How does Credit Score affect YOUR buying power?

Your credit score is probably THE most important factor in determining how much you will be allowed to borrow – not just on your home, but on other big-ticket items, such as vehicles, or lines or credit. So, if you are in the market for a new home, lets go over some of the facts.

Mortgage companies use your FICO score (a numeric value that ranks your credit-worthiness), as an easy way for them to determine their level of risk when granting you a mortgage. This number, along with the supporting information, tells them what debt you currently have (loans, credit cards, etc), whether you normally pay your bills on time, as well as whether you have had any bankruptcies or collections recently. Credit scores rankings are: Excellent (760 -900), Very Good (725-759), Good (660-724) Fair (560-660) and Poor (300-560). Where you fall in these categories will greatly affect the types of loans you will be eligible for.

Our credit scores are typically fluctuating within a given range, but change more significantly if, for example, you apply for a new car loan or credit card. Your personal payment patterns can increase or decrease your credit significantly.

We recommend talking to a mortgage broker, or your bank well in advance of shopping for a home. Monitor your score, and take action to improve your score if recommended, to ensure you have the highest score possible!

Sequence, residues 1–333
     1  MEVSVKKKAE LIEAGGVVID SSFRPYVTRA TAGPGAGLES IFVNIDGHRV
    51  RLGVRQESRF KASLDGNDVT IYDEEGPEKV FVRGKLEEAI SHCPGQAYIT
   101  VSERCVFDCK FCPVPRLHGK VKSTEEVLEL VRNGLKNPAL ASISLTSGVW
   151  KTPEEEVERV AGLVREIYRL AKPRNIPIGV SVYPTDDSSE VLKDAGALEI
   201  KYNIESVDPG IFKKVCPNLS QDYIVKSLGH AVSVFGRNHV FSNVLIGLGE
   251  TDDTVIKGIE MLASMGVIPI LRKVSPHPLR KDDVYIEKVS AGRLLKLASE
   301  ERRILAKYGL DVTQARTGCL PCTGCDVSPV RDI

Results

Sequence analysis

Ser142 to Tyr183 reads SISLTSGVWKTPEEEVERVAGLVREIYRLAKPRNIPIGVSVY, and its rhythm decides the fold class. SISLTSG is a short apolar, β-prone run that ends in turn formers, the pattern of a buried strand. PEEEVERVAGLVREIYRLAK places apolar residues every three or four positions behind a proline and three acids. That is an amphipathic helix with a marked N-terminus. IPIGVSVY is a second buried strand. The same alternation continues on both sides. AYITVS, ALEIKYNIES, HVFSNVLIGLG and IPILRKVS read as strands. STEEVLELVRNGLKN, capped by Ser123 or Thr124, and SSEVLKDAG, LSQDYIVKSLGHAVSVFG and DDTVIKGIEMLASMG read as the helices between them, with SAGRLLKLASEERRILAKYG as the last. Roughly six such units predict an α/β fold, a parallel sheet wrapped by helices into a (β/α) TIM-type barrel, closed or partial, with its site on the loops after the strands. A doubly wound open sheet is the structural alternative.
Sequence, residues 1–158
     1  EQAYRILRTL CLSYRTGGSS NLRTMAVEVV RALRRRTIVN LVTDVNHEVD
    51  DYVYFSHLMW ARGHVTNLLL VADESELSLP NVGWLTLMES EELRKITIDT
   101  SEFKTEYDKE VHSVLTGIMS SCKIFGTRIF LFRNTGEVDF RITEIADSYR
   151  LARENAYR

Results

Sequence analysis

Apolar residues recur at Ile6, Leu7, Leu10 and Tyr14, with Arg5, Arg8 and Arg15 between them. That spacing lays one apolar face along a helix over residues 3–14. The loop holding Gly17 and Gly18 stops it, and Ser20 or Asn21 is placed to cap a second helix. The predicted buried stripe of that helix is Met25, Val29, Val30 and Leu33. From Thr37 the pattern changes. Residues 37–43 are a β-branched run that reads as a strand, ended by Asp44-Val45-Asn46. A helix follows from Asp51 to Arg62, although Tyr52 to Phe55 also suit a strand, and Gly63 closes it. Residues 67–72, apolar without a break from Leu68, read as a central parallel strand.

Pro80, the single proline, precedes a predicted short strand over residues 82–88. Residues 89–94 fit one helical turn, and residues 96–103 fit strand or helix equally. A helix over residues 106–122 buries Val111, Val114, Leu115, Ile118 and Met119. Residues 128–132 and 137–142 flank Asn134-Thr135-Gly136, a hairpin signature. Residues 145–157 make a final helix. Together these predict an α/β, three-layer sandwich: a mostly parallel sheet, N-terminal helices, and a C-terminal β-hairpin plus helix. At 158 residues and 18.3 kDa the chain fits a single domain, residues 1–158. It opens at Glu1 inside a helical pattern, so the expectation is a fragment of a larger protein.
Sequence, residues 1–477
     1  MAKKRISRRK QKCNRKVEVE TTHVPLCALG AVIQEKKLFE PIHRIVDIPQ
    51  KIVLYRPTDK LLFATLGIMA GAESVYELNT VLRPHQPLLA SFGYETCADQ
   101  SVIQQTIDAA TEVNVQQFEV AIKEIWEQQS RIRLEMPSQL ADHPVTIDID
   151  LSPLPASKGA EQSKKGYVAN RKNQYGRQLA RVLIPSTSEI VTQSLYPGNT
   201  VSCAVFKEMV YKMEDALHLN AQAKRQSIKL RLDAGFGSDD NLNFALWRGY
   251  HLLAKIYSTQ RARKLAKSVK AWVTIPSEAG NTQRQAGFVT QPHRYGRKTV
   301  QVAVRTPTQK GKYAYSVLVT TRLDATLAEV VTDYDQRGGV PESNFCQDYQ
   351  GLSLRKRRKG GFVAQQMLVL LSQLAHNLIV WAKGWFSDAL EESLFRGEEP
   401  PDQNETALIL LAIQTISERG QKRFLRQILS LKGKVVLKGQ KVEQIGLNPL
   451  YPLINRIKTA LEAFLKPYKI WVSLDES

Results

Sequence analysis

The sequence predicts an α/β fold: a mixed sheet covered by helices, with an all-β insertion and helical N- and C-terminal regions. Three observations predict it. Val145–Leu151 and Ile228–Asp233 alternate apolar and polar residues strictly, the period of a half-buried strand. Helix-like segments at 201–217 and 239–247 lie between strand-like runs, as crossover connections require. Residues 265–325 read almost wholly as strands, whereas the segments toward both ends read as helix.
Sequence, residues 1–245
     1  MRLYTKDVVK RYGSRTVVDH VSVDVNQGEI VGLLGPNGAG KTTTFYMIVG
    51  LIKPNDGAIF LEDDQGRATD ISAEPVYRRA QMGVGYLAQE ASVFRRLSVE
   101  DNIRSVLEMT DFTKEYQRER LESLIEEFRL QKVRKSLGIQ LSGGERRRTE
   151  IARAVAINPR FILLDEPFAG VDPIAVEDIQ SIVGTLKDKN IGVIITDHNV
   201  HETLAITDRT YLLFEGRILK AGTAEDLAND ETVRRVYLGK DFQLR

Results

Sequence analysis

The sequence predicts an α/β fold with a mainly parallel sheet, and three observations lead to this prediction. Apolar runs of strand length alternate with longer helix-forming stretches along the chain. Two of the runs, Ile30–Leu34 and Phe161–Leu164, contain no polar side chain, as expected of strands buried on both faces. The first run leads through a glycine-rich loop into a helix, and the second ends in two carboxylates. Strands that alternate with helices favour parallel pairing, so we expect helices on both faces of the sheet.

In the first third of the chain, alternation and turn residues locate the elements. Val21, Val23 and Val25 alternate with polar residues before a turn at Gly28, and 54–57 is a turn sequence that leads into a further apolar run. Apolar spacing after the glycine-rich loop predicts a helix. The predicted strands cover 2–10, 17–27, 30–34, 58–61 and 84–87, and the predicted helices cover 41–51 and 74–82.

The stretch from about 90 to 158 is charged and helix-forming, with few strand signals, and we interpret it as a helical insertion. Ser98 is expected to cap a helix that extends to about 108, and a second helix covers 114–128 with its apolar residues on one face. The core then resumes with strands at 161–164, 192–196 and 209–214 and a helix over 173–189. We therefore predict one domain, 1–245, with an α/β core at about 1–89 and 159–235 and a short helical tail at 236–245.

To maximize your credit score, you should avoid applying for any new credit cards or consumer loans. There are a number of things you should avoid to ensure your score reflects good habits – especially in the time period leading up to a major purchase!

  1. Don’t purchase a new vehicle until you close on your new home.
  2. Likewise, don’t accumulate any new debt, as additional payments may limit the amount you qualify for.
  3. Even special deals of “no interest, no payments” will hurt your borrowing power.
  4. Avoid purchasing your appliances and furniture before the deal closes. Lenders like to see you have limited debt and ample cash on hand prior to closing.

After you move in, and your mortgage is in place, you can make the decisions and about where to spend. You may even have the option of a home-equity line of credit, which typically results in much lower interest rates than other types of financing.

Office: 905-377-8888

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